By CP Staff
By Olivia LaVecchia
By Chris Parker
By Jesse Marx
By John Baichtal
By Olivia LaVecchia
By Jesse Marx
By Olivia LaVecchia
Clyde Bellecourt is floating down the road in his loaded brown 1983 Cadillac Eldorado. He wears an oversized red nylon jacket emblazoned with the logo of the American Indian Movement--a head in profile with two eagle feathers arranged to resemble the peace-sign gesture. His long black hair is pulled back in a ponytail. His face is broad, beefy, and hard to read unless he's smiling. Despite the handicapped parking permit dangling from the rear-view mirror--testament to ongoing problems from a 1987 heart attack--the 63-year-old remains a bearish, imposing presence.
Navigating the familiar streets of Minneapolis's Phillips neighborhood, Bellecourt pauses here and there to offer history lessons and point out landmarks. He rattles off the names and numbers with a fundraiser's practiced precision: There's the American Indian Opportunities and Industrialization Center, which offers job training and education programs to some 700 clients a year. The Legal Rights Center, which has provided services to some 30,000 indigent people since 1969. The Elaine Stately Peacemaker Center, which works with youth and gangs. And, just a short drive away, the Heart of the Earth School, a pioneering 260-student charter school where native kids learn about the pipe and the drum along with the three R's.
As he passes the Little Earth of United Tribes complex--the nation's first all-native urban housing project and, for a spell, his home--Bellecourt recounts a triumphant lawsuit that forced the federal Department of Housing and Urban Development (HUD) to fix the then-dilapidated townhomes and apartments. He smiles in recalling how the struggle was finally resolved in 1992, via a cordial dinner meeting with then-HUD Secretary Henry Cisneros. "Seven years in court," he says in his faraway train rumble of a voice, "and that's all it took. A 15-minute meeting."
Bellecourt has been navigating the halls of power for a long time now--and, even his harshest critics concede, he has a knack for getting what he wants. In his three decades as a leader of the American Indian Movement (AIM), founded in Phillips in the late Sixties, he has crisscrossed the continent bellowing demands, negotiating deals and scrapping with just about everyone on the way: cops, judges, tribal governments, reporters, and, of course, the feds. But lately Bellecourt and his older brother Vernon have been confronting what may be their most intractable enemy ever: their former allies, and a persistent rumor about a 24-year-old murder.
The whispers have floated around for more than two decades, vague, unproven, and known to only a few. But on November 3 they were briefly lifted into the mainstream headlines by Russell Means, the mercurial protest veteran and movie actor who remains AIM's most widely recognized member. Standing before a row of microphones outside a federal courthouse in Denver, Means leveled a blistering charge: In 1975, he said, the Bellecourts engineered the execution-style slaying of an AIM member named Anna Mae Pictou-Aquash. "Vernon Bellecourt made the phone call," Means declared resolutely, "and Clyde took the call and issued the order for her murder."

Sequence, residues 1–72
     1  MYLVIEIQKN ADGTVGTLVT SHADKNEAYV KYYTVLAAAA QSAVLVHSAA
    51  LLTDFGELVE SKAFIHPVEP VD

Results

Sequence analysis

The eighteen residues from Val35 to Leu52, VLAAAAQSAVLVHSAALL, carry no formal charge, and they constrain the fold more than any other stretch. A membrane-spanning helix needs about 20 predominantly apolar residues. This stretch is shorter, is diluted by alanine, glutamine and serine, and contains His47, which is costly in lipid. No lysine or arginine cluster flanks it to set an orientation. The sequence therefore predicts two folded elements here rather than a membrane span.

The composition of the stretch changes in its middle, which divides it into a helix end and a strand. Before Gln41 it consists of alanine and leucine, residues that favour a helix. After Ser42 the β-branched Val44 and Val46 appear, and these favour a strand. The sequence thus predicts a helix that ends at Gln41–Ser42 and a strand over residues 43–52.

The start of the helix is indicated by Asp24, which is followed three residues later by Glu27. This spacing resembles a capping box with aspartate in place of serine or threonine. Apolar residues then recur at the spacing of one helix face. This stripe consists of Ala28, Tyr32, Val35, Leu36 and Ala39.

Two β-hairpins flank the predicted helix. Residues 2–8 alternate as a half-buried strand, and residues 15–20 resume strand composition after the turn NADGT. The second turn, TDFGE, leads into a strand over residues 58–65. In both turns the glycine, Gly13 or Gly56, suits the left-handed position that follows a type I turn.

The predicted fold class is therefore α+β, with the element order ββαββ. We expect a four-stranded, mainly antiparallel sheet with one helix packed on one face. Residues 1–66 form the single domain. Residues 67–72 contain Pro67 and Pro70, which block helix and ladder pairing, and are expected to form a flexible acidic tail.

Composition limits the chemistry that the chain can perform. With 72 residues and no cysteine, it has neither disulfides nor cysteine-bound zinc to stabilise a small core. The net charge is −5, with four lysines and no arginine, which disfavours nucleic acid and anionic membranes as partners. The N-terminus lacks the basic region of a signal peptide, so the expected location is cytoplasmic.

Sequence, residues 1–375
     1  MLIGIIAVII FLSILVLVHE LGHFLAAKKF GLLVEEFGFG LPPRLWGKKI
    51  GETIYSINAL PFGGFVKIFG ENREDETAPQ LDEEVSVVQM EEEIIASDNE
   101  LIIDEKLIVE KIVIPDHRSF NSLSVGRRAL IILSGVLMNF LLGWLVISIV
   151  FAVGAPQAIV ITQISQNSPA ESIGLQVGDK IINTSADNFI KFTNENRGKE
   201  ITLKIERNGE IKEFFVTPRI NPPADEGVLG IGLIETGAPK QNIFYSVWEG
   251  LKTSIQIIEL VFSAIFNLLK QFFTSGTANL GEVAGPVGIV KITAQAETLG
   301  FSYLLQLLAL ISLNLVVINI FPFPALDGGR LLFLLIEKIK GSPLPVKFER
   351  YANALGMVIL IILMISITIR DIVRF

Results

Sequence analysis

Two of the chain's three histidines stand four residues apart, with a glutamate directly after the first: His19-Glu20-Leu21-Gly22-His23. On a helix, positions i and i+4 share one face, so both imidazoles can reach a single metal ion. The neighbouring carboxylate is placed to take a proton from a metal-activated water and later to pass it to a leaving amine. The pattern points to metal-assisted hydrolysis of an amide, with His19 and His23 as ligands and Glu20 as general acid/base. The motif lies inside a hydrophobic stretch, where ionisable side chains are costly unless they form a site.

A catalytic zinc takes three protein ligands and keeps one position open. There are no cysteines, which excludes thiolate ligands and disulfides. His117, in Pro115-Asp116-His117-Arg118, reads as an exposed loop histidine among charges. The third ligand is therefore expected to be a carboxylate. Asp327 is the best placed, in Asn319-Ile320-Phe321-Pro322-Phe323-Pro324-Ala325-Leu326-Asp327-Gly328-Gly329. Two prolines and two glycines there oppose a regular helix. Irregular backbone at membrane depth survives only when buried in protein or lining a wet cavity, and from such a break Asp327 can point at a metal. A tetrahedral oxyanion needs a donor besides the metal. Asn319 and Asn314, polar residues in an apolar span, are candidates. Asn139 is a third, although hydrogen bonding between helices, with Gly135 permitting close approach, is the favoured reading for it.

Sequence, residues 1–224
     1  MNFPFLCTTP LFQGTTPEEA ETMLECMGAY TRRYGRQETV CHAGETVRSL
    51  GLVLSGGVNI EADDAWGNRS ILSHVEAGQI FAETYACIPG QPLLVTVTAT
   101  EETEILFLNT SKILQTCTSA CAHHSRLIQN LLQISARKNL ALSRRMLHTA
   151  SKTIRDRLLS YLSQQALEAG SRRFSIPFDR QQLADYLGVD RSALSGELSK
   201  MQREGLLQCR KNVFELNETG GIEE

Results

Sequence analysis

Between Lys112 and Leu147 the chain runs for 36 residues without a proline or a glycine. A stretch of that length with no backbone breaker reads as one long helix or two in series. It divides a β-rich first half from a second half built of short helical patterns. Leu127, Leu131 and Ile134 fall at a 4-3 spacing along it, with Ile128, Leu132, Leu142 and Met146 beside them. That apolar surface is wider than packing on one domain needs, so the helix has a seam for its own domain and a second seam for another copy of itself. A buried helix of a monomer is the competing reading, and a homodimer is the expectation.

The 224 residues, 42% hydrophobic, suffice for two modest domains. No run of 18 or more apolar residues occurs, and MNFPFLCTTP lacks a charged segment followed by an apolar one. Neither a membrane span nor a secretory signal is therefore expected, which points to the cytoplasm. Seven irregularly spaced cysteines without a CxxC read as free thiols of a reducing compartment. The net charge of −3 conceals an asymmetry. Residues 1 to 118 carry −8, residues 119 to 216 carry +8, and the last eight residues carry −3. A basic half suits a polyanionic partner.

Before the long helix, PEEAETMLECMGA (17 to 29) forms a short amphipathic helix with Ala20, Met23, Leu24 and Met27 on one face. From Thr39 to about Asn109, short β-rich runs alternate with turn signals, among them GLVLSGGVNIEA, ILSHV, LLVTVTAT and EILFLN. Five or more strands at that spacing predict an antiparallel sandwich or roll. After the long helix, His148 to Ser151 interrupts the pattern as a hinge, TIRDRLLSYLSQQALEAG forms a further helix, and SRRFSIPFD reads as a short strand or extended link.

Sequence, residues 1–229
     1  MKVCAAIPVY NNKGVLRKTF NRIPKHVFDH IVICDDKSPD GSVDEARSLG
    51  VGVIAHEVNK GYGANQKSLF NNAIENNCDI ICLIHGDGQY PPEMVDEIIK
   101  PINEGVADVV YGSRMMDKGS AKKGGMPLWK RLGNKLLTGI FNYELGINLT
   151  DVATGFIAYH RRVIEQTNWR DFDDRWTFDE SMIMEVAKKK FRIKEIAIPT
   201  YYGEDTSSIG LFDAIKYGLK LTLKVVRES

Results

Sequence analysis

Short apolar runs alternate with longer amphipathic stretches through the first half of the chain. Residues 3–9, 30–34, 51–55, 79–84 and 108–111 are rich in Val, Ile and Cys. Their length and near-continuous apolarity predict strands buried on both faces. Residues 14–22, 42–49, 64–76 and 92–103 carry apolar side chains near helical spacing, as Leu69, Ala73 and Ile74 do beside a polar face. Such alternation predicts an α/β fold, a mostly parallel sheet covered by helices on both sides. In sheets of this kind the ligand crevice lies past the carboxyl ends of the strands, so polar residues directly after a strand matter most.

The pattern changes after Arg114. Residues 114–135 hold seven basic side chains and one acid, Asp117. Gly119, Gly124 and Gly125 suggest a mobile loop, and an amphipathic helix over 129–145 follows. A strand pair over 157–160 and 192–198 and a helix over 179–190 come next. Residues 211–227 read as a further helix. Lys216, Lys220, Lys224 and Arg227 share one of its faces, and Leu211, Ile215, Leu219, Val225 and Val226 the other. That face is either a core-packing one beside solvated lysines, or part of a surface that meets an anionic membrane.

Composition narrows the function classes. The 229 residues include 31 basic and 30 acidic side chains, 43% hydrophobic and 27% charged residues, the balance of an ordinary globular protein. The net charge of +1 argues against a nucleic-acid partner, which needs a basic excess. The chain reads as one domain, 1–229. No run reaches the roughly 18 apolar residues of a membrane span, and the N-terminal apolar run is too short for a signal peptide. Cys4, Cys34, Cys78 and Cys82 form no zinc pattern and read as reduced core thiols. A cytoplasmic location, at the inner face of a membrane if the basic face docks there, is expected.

In the years since her body was discovered in a remote ravine on South Dakota's Pine Ridge reservation, Aquash has attained near-martyr status within AIM and beyond: The folk singer Buffy Sainte-Marie has written songs about her. The Indigenous Women's Network gives out an Anna Mae Pictou-Aquash award. And for the better part of a decade a small cadre of reporters, investigators, and one distant relative have been seeking answers to persistent questions about her death.
Means's announcement sparked a few stories in the national media (though none in the Twin Cities), and it has been extensively covered in the Indian press, with the Bellecourts' names bandied about on the nationally syndicated program Native America Calling and in several native newspapers. That, in turn, has provoked a barrage of counterallegations from the Bellecourts--including claims that Means's accusations are the latest in a long line of government-sponsored attempts to discredit and disrupt the movement.
"Russell's a fed, man," Clyde Bellecourt says of his former comrade. "This whole thing is a continuation of an operation set up by the FBI in the Seventies." Vernon Bellecourt has offered even harsher opinions, telling one reporter that Means is "totally fried."
In his more temperate moments, Vernon--who heads what he terms AIM's Ministry for Information--attributes the accusations to a "deep-cover" CIA conspiracy engineered by Ward Churchill, a University of Colorado-Boulder professor with whom the Bellecourts have waged a fierce paper war.
Divisions, and elaborate conspiratorial theories, are nothing new within the American Indian Movement. In fact, two separate entities now lay claim to the AIM name: the National American Indian Movement Inc., based in Minneapolis and headed by the Bellecourts, and the International Confederation of Autonomous AIM, with which Means and Churchill are associated. For the better part of the decade, the separate camps have been scrutinizing and denouncing each other with a fervor they once reserved solely for the federal government.
Back when it all began, in 1968, no one could dispute Clyde Bellecourt's stake in AIM. He was a firebrand who, in the words of one admirer, "had a magnificent chip on his shoulder" that helped define the movement's in-your-face persona.
Born on the White Earth Indian Reservation in 1936, Clyde was the seventh of Charles and Angeline Bellecourt's 12 children. His father had enlisted in the Army during World War I and fought in France, where he was shot up and mustard-gassed. He returned to the States with permanent injuries that kept him from steady work.